in several places, as it has for a number of years.
Magothy River Association volunteers planted redhead grass near the mouth
of Cockey Creek in 2002-2003 (at site 171 on the attached 2005 map), and
most of it survived through this year and appeared to spread to nearby
areas on the north shore. However, the sheer size of the redhead beds in
Swan Cove makes me doubt whether they also came from this source. They
could have started from redhead grass seeds brought there from South Ferry
Point or the lower Magothy, or the Severn River, by waterfowl who were
eating other SAV species growing in Swan Cove.
Why did upper Magothy redhead grass increase so much in the last 2
years? The main thing that changed in the upper Magothy in 2004-2005 was
that the water got clearer, probably from a big increase in dark false
mussels. There were more mussels last year than this year because the
salinity is higher this year. I did not find any mussels on the mainstem
of the river downriver of Henderson & Steedmans Points this year, but they
were reported on South Ferry Point last year, where they are absent this
year. The state water quality monitoring station, WT6.1, which is between
North & South Ferry points, had two SAV growing season months (May and
July) with record high Secchi depths in 2004, and none so far in 2005. I
will be giving a talk on the effects of the mussels on water clarity, and
these SAV increases, at ERF on Tuesday 10/18 at 11:00.
09/15/05 Bob Orth, VIMS
Aerial Update of Patuxent River
Below are our observations of the aerial photography flown on Sept. 2 and
6, including the middle and lower Potomac River, upper Rappahannock River,
and the parts of Patuxent River, including the tidal freshwater portions.
Bottom line SAV looks great in the upper Patuxent, and the MD side of the
As for additional news of the survey, we were very fortunate in that we
were able to fly the Aberdeen Proving Ground lines on Tuesday, Sept. 13,
the first time we were allowed in that restricted area on a weekday in 20+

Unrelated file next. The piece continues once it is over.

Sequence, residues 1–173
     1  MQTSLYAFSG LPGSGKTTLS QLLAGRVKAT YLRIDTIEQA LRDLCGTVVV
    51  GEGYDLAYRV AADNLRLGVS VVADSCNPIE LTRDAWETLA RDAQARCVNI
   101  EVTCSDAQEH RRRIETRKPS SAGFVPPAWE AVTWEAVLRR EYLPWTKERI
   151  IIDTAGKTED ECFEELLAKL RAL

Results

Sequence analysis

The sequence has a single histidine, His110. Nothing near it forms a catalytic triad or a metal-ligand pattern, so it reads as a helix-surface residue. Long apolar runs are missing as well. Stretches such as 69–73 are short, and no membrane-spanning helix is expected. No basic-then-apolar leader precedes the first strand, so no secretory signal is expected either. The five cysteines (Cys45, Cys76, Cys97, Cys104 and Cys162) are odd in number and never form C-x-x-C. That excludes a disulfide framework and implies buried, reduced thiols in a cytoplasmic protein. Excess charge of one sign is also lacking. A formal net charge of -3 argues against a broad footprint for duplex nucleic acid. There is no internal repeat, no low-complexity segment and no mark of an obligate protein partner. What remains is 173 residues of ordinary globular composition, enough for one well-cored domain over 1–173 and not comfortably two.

years. As you may know, Air Photographics must have an APG observer on the
plane during the flight. Upon completion, APG retains the film under lock
and key until it is developed. We cannot ascertain the clarity of the SAV
signature until next Tuesday when the film will be hand-carried to Air
Photographics by APG staff. I will be going to Air Photo in Martinsburg,
WV, on Tuesday, Sept. 20, to meet APG staff and assess the SAV status on
the photography there since we are not allowed to retain prints or
negatives of APG since 9-11. However, field observations by Mike Naylor
who was out on the Flats that same day, suggest that we will have good
photography for that area as the water clarity was superb and SAV was very
abundant. The Flats appear to be having a banner year with SAV and water
clarity is outstanding.
In the Upper tidal freshwater Patuxent SAV continues to thrive on the
narrow shoals first noted in 1994. The first observable SAV bed is small
and is located at the mouth of Cocktown Creek, but more frequent, dense
beds begin a bit further up near Fridays Creek and White Landing and
continue just past the Rt. 4 bridge. In the river section above Jug Bay,
where SAV is noticeably dense and very abundant, SAV exist as a very narrow
fringe (< 2 m) along both shores. As we have mentioned in years past, many
of the small creeks that enter the Patuxent River in this region have SAV
beds that line both banks. These are beds that are impossible to map at
the scale used by the annual report but can be seen in the photography. My
guestimate is that we will see some additional acreage, but not a lot,
since there is very little additional available habitat for SAV
No SAV was observable in St. Leonard Creek
LOWER TO MIDDLE POTOMAC RIVER
BRETON BAY (CB Segment POTMH)
(Flight lines 68, 72; flown Sept. 2) (quads 69, 78) Dense SAV beds are
present this year along both shorelines from the mouth to Lovers Pt. The
beds appear to be denser and more abundant than in 2004 (note- we flew over